Gear trends: 2015/16 Winter safety
Lower price points and weights, more education and a new tech helps expand avy airbag and category. See what's ahead for retail shelves in 2015/16.
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Throughout the next month, SNEWS will recap its coverage of Outdoor Retailer Winter Market 2015 with select stories from the O.R. Daily we published at the show Jan. 20 – 24. It’s an opportunity for you to catch up on stories you might have missed in O.R.D., and for us to update and upload the articles to our searchable archives.
Ask anyone what their favorite position is, and they’re sure to say “on top” … at least when it comes to an avalanche.
“Airbags continue to be the Cinderella category of snow safety,” said Bruce Edgerly, vice president global sales and marketing of Backcountry Access, which took a leading role in popularizing airbag packs in North America.
Now, innovators are writing the next chapter of airbags with new technologies.
Scott returns to Winter Market, presenting the all-new Alpride system, a partnership with the Swiss brand of the same name. Based on the technology found in inflatable life vests, the system promises high durability without extra bulk. It employs two separate, but small canisters — one of CO2 to inflate, and the other of Argon to accelerate that inflation. The new line of polyester Air Mnt and Air Free packs (MSRP $850; 30L) range in size from 22-40 liters, maxing out at 6.2 pounds, including the 2.6-pound airbag system.
Versatility is the name of the game for The North Face and Black Diamond when it comes to the winter safety arena. TNF’s Modulator ABS (MSRP $1,000) makes purchasing an avalanche air bag more accessible by not relegating the system to a single pack. As a universal ABS system, it can be attached to practically any pack on the market. Black Diamond introduces the AvaLung Element (MSRP $100), a streamlined, modular unit that can attach to any AvaLung-ready pack, including its new Dawn Patrol 15L, 25L and 32L (MSRP $160; 25L) options.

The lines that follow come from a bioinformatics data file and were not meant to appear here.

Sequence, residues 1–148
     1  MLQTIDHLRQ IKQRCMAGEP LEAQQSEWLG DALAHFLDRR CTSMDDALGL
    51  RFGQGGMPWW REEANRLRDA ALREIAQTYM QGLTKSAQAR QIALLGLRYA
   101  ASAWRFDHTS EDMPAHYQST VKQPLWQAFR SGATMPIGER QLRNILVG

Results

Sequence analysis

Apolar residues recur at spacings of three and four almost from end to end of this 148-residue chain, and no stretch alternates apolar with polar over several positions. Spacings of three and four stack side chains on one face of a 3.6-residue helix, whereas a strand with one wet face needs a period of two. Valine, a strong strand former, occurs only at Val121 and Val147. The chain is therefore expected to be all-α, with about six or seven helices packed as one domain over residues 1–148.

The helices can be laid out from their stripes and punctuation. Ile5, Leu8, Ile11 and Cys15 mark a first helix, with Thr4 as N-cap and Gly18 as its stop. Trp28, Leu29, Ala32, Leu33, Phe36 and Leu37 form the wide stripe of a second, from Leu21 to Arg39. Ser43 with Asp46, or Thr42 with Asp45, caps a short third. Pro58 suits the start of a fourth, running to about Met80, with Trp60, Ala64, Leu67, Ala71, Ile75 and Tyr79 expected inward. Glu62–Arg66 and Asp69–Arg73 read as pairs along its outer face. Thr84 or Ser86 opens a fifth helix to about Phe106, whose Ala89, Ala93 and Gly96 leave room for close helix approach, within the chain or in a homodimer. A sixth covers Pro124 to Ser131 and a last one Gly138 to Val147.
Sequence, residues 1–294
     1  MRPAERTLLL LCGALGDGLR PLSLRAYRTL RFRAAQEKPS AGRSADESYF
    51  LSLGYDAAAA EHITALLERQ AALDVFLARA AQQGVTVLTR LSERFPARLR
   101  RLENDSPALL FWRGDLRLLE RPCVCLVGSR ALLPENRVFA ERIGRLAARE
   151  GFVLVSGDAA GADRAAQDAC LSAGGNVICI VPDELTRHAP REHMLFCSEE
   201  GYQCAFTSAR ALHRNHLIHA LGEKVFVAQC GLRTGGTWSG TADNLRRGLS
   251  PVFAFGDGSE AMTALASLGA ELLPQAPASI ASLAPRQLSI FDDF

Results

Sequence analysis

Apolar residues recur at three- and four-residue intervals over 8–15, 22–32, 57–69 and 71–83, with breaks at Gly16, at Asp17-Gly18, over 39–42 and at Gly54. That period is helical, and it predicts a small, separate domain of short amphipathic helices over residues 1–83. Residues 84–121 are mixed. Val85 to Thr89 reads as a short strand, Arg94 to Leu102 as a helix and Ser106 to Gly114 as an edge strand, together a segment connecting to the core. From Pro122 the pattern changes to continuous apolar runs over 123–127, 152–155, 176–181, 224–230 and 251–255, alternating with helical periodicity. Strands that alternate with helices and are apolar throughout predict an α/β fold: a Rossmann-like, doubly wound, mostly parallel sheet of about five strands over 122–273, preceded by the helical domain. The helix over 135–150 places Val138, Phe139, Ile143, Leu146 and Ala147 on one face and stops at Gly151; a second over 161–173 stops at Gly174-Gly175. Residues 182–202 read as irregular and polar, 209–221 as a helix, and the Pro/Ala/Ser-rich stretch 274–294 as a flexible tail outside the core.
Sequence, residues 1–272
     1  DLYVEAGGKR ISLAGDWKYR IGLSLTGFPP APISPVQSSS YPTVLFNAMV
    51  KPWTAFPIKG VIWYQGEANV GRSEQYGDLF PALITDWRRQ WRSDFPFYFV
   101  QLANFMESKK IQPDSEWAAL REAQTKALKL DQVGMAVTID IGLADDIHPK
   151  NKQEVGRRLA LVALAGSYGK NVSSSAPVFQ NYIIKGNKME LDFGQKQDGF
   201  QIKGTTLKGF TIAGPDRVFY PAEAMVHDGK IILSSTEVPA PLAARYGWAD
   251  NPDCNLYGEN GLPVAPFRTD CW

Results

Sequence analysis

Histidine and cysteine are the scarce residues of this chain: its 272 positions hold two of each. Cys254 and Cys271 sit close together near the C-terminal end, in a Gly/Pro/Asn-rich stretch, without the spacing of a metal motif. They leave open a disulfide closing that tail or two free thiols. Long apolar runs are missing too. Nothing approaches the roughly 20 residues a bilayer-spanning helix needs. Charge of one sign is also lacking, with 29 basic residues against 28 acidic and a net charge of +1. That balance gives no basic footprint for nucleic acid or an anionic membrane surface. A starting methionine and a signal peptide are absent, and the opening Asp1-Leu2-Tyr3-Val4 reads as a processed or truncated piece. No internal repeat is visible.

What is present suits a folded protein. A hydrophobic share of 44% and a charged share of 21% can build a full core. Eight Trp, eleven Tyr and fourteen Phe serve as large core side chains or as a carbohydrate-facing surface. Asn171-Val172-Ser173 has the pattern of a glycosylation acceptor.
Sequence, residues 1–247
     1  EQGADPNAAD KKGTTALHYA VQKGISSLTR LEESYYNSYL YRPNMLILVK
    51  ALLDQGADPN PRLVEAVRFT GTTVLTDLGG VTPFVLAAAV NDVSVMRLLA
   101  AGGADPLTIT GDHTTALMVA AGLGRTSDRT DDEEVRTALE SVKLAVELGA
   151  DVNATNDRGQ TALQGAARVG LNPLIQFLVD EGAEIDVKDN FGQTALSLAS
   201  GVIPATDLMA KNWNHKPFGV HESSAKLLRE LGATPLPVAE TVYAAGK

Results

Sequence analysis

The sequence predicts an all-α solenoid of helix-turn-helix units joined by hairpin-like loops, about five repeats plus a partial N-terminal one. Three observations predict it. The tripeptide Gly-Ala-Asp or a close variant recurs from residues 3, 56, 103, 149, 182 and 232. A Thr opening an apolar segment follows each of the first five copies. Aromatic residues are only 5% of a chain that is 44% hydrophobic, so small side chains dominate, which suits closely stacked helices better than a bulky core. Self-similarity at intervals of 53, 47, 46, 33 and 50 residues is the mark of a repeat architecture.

Elsewhere in airbags, Mammut extends its line of Ride Protection Airbag packs with the 28L short back length (MSRP $900 with the airbag), designed specifically for women and smaller men. Weight watching backcountry enthusiasts will appreciate Deuter’s OnTop Lite ABS 26 (MSRP $1,099) for its close-fitting padded back and weight-shaving 3D Air Mesh fabric. While Backcountry Access hasn’t updated its airbag’s mechanical features, it has upped the comfort level while lowering the price. The BCA Float 22 and 32 offer a more ergonomic fit by better forming to the user’s back and shoulders. The Float 8 (MSRP $500 with the air bag) is designed to fit the essentials and nothing more.
Park rats and tree skiers will welcome the bevy of body vests coming to market for winter 2015-16. Promising bonus protection for the spine and ribs, check out BCA’s Float Mountain Pro Vest , Arva Snow Safety Equipment’s signature protection collection from Xavier de la Rue and the ABS Vest (MSRP $1,379) from The North Face. Meanwhile, Marker’s Body Vest OTIS (MSRP $229), short for Orthopedic Technology Inside, boasts its Multi-Impact Adaptive Polymer system, where the lightweight nitryl rubber padding material claims to be 28-percent better than EPS at absorbing and dissipating the forces in a crash.
Black Diamond and Arva aim to make packing safer and less bulky by condensing their tools. BD’s Snow Saw Pro (MSRP $80) folds into itself to prevent a shredded pack with the bonus ability to attach to most BD adjustable poles for added reach. Arva’s Compact series of avalanche probes features two additional section breaks, allowing its 240-centimenter probe to compact down to 33-centimeter segments, shorter than the 40-centimeter industry standard. In addition, Arva’s beginner-level Evo 4 beacon maintains the simple interface of earlier generations — three antennas, 40-meter bandwidth and multi-burial indicator — adding in a true marking function that can suppress more than one signal at a time in a worst-case scenario with multiple victims.
The ever-present backstory to backcountry bliss rightfully remains education. Partnerships between brands and AAIRE continue to crop up, as do new initiatives like Project Zero, which aims to reduce and eventually eliminate avalanche deaths in North America. “Education is what saves peoples’ lives,” said Ryan Guess, ski category director for Black Diamond. “It’s not these pieces of equipment that we build. They can solve all these problems and help our users, but in all reality they’re one very small part of that decision process. Education is the biggest part of [snow safety].”